Measuring weight is a crucial element in many industries. Shipping companies, grocery stores, airlines, and more depend on having accurate weight readings to determine the right price for their customers. Weight has especially come to the forefront in recent months, with one airline charging customers by the pound (or kilogram, in this case), rather than by the seat.
With such a strong emphasis on the numbers of a scale, it is more important than ever to have an accurate reading to go by. But how do you guarantee a correct result?
Test weights are a great way to make sure a scale is properly calibrated. For a visual of how they work, consider the image below. In this simple scale, the object you are weighing would be in one tray, while the test weight would be in the other. Since you already know the value of your test weight, you can judge the weight of the object in question.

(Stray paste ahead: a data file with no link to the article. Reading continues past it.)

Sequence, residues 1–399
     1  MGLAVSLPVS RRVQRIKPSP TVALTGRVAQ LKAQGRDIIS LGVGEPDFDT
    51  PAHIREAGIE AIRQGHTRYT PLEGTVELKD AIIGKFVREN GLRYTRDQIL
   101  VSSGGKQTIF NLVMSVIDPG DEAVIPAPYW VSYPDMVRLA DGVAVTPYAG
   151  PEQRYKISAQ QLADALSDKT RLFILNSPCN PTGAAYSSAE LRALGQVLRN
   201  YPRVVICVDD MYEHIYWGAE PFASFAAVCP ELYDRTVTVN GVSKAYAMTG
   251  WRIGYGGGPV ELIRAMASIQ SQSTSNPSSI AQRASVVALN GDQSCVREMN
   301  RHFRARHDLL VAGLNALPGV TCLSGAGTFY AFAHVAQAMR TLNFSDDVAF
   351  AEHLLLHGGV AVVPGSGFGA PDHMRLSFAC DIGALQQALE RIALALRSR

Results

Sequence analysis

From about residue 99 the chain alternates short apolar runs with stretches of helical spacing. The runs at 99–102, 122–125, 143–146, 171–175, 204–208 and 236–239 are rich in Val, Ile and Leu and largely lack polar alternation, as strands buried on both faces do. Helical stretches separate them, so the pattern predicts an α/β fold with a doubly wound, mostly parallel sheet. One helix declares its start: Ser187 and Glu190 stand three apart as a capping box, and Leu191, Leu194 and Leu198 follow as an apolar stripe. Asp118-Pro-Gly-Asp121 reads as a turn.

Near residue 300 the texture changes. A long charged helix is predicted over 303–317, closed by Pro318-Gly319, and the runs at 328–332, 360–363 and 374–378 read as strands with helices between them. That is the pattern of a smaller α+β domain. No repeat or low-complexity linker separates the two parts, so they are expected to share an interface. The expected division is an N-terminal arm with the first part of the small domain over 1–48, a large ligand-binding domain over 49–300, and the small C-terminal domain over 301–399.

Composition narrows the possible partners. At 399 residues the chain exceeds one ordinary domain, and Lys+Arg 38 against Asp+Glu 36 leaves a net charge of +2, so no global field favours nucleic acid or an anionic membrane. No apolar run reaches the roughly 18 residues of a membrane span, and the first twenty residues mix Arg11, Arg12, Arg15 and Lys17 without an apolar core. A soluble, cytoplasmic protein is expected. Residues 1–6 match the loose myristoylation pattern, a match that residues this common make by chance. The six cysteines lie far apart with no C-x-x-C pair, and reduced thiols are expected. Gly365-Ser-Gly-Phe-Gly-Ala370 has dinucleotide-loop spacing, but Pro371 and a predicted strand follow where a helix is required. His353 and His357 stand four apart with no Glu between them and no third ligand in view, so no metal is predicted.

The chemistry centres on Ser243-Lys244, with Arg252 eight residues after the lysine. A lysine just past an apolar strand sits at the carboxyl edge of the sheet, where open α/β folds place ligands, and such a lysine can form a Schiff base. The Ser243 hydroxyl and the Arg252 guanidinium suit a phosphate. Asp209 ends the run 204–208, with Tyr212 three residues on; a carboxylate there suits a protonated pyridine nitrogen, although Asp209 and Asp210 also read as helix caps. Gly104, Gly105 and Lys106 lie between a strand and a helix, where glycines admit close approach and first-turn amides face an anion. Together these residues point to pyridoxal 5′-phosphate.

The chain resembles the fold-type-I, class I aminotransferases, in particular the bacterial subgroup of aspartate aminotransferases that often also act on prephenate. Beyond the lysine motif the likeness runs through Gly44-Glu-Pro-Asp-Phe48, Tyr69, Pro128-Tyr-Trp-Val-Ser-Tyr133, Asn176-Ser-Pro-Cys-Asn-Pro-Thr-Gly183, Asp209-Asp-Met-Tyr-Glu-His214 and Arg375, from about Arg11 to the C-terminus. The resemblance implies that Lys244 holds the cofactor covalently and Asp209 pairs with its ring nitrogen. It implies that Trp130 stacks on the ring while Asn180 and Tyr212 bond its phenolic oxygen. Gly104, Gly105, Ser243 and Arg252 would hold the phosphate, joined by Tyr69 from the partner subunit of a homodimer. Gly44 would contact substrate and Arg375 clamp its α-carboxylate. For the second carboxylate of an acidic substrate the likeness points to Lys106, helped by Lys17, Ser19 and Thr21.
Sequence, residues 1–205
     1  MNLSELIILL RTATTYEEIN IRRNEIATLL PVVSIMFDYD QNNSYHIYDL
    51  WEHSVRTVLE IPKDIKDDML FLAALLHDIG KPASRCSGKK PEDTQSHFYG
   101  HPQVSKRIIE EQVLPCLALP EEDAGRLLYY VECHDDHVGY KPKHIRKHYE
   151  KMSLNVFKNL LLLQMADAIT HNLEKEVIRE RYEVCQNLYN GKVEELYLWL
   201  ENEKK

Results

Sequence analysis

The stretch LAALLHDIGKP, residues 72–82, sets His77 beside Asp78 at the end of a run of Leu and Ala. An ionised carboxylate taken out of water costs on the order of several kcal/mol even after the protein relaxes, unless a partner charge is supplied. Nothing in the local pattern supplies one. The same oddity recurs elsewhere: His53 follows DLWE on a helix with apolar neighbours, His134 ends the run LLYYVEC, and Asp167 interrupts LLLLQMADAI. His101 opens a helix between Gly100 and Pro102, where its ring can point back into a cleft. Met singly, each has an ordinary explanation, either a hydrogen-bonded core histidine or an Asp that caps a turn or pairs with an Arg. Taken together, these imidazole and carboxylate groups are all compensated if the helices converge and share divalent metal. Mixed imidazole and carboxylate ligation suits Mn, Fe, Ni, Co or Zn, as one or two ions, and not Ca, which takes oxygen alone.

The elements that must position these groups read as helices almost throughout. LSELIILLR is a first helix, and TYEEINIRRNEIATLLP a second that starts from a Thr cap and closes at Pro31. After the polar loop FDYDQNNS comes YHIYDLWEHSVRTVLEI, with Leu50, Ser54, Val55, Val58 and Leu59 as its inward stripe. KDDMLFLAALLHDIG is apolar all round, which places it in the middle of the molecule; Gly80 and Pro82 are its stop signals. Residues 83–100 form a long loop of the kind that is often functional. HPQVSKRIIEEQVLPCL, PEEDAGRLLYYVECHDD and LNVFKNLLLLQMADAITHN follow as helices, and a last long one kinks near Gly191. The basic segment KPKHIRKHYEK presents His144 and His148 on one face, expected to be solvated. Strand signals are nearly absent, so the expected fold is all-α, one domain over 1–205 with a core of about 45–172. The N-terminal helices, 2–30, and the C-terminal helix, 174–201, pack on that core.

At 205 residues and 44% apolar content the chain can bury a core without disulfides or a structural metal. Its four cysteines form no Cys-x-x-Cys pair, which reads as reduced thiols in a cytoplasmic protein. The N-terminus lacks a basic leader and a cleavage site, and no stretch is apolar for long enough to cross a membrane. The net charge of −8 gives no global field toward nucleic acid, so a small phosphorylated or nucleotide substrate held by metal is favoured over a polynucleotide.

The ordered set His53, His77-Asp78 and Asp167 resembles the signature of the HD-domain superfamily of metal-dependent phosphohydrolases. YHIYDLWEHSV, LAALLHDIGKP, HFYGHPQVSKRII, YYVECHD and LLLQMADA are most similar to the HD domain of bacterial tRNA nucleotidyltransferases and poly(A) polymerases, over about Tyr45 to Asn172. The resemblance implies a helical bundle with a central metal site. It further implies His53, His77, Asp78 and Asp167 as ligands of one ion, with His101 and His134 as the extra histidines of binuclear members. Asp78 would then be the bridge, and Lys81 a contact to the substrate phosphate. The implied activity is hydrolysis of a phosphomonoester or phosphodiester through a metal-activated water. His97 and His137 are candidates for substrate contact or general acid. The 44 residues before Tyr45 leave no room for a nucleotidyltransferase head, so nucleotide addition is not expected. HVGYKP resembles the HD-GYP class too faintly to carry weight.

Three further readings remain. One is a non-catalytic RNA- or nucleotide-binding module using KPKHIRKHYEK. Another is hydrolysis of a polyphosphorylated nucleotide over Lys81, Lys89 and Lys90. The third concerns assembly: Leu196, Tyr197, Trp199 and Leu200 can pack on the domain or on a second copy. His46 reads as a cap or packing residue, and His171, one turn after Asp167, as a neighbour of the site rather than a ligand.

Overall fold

For more high-tech scales, a test weight serves as a base for external recalibration when internal recalibration options are not provided. It’s important to regularly recalibrate scales to ensure an exact reading. Just make sure the test weight is not heavier than the capacity of the scale. If the scale is only capable of weighing 50lbs., don’t use a 100lb. test weight.
By keeping your scales in check, you’ll be able to accurately measure whatever you need at your next weigh-in. Whether it’s for airline passenger luggage, freight cargo, or customer groceries, test weights help ensure you have a precise number to work with.